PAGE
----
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Middle East petrochem industry could face an export challenge to China

Middle East petrochem industry could face an export challenge to China

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Middle East Petrochem Industry Could Face An Export Challenge to China

Middle East petrochem industry could face an export challenge to China

 
Almost 63% of global capacity additions in 2008-2012 will happen in the Middle East and China, raising their share of global production to 27.6%. In other terms, ethylene capacity in the Middle East and China will account for 14.8% of worldwide installed capacity in 2008. Since most Chinese and Middle East petrochemical projects will get commissioned at the same by 2010, it will lead to a glut of ethylene and polyethylene products in the global market.
More capacities are scheduled to come on stream in the Middle East in the next few quarters. Unable to use all the output for captive consumption, the Middle east region relies heavily on exports - particularly to Asia. Currently Chinese import growth is lagging behind Middle East capacity growth. The Middle East region, therefore, will require exploiting new markets at a time when global capacity operating rates are falling. Other markets of Western Europe and the Americas are geographically remote from the Middle East region and difficult to penetrate.
New mega polyethylene capacity additions are also scheduled to come onstream in China around the same time. Hence the Middle East petrochem industry could face a challenge of exports to China in a couple of years. PE from the Middle East will offer a cost advantage over Chinese PE mainly because of cheaper feedstock and input costs and inherent economies of scale based on low feedstock costs. The average production costs for ethylene and polyethylene is about 50% lower in the Middle East than in North and East Asia. This is posing a sharp challenge to China's upcoming petrochemical industry.

Currently, of the 159 petrochemical projects in the region worth US$247 billion, almost half are located in Saudi Arabia. Saudi Arabia has US$124 billion investments in petrochemical projects, followed by the UAE with US$33 bln and Qatar with US$23 bln. Other big players are Egypt with petrochemical projects valued at US$16.6 bln, Libya US$16 bln, Algeria US$14 bln, Oman US$9.6 bln and Kuwait US$6.5 bln. The Arabian Gulf polyethylene net exports will increase to around 16 mln tons by 2010 and 19 mln tons by 2012. But so will the Chinese capacity. China is forecast to have ethylene capacity of up to 18 mln tons and output of 14.5 mln tons in 2010, with a self-sufficiency rate of 58%, as compared with 43% in 2005, and 78% in 1990. China's ethylene supply gap may widen to 9 mln tons in 2010 and 16 mln tons by the end of 2020. China could have problems in securing a stable supply of cheap naphtha with its own rapid construction of ethylene crackers.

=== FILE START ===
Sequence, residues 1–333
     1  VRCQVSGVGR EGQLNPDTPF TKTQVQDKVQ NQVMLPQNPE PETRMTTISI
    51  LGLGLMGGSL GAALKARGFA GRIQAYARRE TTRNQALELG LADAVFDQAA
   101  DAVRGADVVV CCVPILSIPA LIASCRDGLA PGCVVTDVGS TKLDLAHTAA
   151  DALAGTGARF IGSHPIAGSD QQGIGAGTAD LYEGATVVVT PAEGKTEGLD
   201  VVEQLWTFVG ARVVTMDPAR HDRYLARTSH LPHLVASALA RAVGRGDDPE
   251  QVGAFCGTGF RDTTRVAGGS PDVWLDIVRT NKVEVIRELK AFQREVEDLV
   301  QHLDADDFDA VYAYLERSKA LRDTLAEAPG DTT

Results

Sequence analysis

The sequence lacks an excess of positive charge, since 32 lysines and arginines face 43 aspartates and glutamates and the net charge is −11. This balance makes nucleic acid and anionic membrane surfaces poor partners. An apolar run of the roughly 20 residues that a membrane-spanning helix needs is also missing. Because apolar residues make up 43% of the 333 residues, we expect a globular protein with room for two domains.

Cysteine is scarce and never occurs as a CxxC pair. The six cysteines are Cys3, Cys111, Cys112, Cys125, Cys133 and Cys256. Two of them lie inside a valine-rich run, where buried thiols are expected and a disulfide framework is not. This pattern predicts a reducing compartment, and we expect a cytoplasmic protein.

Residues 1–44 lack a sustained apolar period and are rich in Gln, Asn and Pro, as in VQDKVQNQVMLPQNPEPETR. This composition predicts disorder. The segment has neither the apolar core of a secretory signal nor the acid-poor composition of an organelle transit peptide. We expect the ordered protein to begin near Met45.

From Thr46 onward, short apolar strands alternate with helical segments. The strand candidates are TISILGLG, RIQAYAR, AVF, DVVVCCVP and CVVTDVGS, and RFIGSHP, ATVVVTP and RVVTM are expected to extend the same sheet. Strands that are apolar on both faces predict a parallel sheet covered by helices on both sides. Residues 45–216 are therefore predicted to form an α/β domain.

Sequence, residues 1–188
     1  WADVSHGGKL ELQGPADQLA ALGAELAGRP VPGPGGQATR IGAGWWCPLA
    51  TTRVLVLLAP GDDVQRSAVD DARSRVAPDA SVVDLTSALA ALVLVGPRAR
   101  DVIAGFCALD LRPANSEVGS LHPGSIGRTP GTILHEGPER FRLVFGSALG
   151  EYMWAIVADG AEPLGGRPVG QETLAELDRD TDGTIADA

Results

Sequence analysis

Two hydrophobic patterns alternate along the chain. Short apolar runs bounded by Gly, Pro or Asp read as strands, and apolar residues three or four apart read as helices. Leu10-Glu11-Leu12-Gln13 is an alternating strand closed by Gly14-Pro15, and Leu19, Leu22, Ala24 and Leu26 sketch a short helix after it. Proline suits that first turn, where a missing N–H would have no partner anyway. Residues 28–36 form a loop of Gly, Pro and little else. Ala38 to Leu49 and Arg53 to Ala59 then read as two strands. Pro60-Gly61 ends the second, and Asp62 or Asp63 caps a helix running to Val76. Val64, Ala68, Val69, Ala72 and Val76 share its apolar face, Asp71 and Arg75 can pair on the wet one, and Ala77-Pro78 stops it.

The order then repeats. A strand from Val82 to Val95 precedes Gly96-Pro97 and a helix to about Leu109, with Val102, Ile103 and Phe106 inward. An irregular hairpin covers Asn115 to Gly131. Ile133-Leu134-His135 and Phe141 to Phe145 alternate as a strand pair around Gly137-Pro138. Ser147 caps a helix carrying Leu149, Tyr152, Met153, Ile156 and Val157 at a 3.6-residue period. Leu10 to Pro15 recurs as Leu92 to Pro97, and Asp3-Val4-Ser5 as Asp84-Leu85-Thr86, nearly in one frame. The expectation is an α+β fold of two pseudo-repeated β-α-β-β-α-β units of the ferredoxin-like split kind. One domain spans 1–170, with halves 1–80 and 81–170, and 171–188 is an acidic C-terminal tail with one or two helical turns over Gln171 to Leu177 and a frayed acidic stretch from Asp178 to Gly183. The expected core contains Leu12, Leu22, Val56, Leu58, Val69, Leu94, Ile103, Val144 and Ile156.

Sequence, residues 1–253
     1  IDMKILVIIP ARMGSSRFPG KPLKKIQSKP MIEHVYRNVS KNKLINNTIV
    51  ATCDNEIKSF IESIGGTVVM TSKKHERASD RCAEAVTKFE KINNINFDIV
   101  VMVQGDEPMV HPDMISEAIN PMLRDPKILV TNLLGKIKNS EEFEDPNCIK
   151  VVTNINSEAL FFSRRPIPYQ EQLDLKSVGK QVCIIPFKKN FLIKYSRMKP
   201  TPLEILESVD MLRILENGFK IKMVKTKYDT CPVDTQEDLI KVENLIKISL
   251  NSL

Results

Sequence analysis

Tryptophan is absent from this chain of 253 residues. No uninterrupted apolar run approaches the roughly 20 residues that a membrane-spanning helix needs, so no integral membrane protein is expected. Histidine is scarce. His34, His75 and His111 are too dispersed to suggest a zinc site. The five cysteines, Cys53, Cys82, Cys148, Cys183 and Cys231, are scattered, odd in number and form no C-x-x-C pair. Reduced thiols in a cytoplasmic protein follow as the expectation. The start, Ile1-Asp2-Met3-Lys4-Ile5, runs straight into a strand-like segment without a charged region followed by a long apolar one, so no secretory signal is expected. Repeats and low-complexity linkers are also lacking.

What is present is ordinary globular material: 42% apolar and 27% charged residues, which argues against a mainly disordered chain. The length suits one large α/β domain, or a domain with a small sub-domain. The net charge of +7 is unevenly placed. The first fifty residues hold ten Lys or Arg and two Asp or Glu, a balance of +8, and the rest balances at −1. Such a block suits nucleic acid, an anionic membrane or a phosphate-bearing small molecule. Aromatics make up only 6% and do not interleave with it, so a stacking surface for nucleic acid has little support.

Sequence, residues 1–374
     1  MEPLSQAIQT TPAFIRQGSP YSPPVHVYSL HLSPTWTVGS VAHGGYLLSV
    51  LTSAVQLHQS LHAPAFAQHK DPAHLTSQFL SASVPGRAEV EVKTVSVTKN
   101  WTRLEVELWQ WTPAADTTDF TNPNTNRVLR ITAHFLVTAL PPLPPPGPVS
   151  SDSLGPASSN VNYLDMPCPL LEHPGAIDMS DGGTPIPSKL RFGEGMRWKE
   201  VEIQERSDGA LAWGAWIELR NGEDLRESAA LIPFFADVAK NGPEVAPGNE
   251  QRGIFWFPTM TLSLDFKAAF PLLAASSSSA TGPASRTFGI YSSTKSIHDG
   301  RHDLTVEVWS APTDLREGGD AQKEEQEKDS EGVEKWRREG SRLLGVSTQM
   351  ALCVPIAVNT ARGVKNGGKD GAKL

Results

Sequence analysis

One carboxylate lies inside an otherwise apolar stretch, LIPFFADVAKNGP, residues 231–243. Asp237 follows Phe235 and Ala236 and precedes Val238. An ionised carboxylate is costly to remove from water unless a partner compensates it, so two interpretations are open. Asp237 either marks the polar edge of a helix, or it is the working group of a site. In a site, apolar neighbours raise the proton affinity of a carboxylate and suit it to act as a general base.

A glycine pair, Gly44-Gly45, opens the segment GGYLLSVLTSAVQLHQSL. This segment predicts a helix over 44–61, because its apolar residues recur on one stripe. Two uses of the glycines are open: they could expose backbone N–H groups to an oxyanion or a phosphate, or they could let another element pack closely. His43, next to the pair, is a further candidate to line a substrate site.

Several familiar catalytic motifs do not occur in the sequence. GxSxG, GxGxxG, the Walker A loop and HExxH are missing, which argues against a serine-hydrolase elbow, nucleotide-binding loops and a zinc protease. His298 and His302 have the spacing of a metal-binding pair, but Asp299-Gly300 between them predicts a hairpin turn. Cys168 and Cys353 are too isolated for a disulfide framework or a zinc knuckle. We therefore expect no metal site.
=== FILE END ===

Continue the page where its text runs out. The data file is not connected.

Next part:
As per ICIS, this year was supposed to mark the big build-up in propane dehydrogenation-to-polypropylene (PDH/PP) capacity in the Middle East, but it hasn't happened. Several plants have been delayed for technical reasons, including the 650,000 tpa plant from Saudi major PetroRabigh. It was due online in Q4 of this year but is now expected to start up in Q1 2009 at the earliest. Several plants have been delayed for technical reasons, including the 700,000 tpa plant from Saudi major PetroRabigh. It was due online in Q4 of this year but is now expected to start up in Q1 2009 at the earliest. Two big Saudi Arabian cracker complexes with a great deal of associated PP, polyethylene (PE) and monoethylene glycol (MEG) capacity also look as if they have been pushed back to 2009 start-ups from this year. Eastern Petrochemical (SHARQ) and Yanbu National Petrochemical (Yansab) - affiliates of Saudi petrochemical giant SABIC each with ethylene capacities of 1.3m tpa - are again forecast be on stream some time in Q1. Propylene from the cracker at Al-Jubail, in Saudi Arabia, will feed a 250,000 tpa PP expansion at Saudi Polyolefins Co. (SPC)- a JV between Tasnee and LyondellBasell. SEPC is a joint venture (JV) between Sahara Olefins, with 24.4% equity National Industrialization (TASNEE), with 50.6% and global chemical group LyondellBasell, with a 25% stake. Sahara Olefins and LyondellBasell are also due to start up 450,000 tpa of PDH-based propylene and 460,000 tpa of PP at Al-Jubail in Q1 of next year under their Al-Waha Petrochemical JV.
Kuwait Olefins, the JV between US major Dow Chemical and Kuwait's Petrochemical Industries Co. and Al-Qurain Petrochemical, is due on stream in December this year. The 850,000 tpa cracker complex had been scheduled for start-up in August. The final olefins and derivatives complex on the immediate horizon is Ras Laffan Olefins, the JV involving France's Total Petrochemicals, US-based Chevron Phillips and Qatar Petroleum, in Qatar. The 1.3 mln tpa cracker and downstream units are rescheduled to start up in Q1-09.